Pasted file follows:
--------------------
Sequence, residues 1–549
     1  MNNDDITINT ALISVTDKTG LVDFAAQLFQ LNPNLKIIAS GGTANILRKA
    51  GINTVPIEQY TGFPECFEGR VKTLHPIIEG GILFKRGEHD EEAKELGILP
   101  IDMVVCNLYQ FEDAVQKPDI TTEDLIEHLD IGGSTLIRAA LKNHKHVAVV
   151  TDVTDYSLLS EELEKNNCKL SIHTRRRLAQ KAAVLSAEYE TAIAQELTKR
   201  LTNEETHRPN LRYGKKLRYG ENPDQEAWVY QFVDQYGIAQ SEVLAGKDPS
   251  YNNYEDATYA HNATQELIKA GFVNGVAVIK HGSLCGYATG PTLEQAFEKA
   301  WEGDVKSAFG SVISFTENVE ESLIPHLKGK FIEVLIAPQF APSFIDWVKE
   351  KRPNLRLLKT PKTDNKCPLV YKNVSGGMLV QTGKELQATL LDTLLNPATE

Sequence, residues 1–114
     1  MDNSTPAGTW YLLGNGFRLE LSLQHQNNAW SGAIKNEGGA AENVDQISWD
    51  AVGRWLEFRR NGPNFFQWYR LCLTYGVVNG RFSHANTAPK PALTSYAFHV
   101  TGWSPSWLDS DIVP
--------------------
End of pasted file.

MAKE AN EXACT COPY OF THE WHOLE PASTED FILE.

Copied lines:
Sequence, residues 1–549
     1  MNNDDITINT ALISVTDKTG LVDFAAQLFQ LNPNLKIIAS GGTANILRKA
    51  GINTVPIEQY TGFPECFEGR VKTLHPIIEG GILFKRGEHD EEAKELGILP
   101  IDMVVCNLYQ FEDAVQKPDI TTEDLIEHLD IGGSTLIRAA LKNHKHVAVV
   151  TDVTDYSLLS EELEKNNCKL SIHTRRRLAQ KAAVLSAEYE TAIAQELTKR
   201  LTNEETHRPN LRYGKKLRYG ENPDQEAWVY QFVDQYGIAQ SEVLAGKDPS
   251  YNNYEDATYA HNATQELIKA GFVNGVAVIK HGSLCGYATG PTLEQAFEKA
   301  WEGDVKSAFG SVISFTENVE ESLIPHLKGK FIEVLIAPQF APSFIDWVKE
   351  KRPNLRLLKT PKTDNKCPLV YKNVSGGMLV QTGKELQATL LDTLLNPATE

Sequence, residues 1–114
     1  MDNSTPAGTW YLLGNGFRLE LSLQHQNNAW SGAIKNEGGA AENVDQISWD
    51  AVGRWLEFRR NGPNFFQWYR LCLTYGVVNG RFSHANTAPK PALTSYAFHV
   101  TGWSPSWLDS DIVP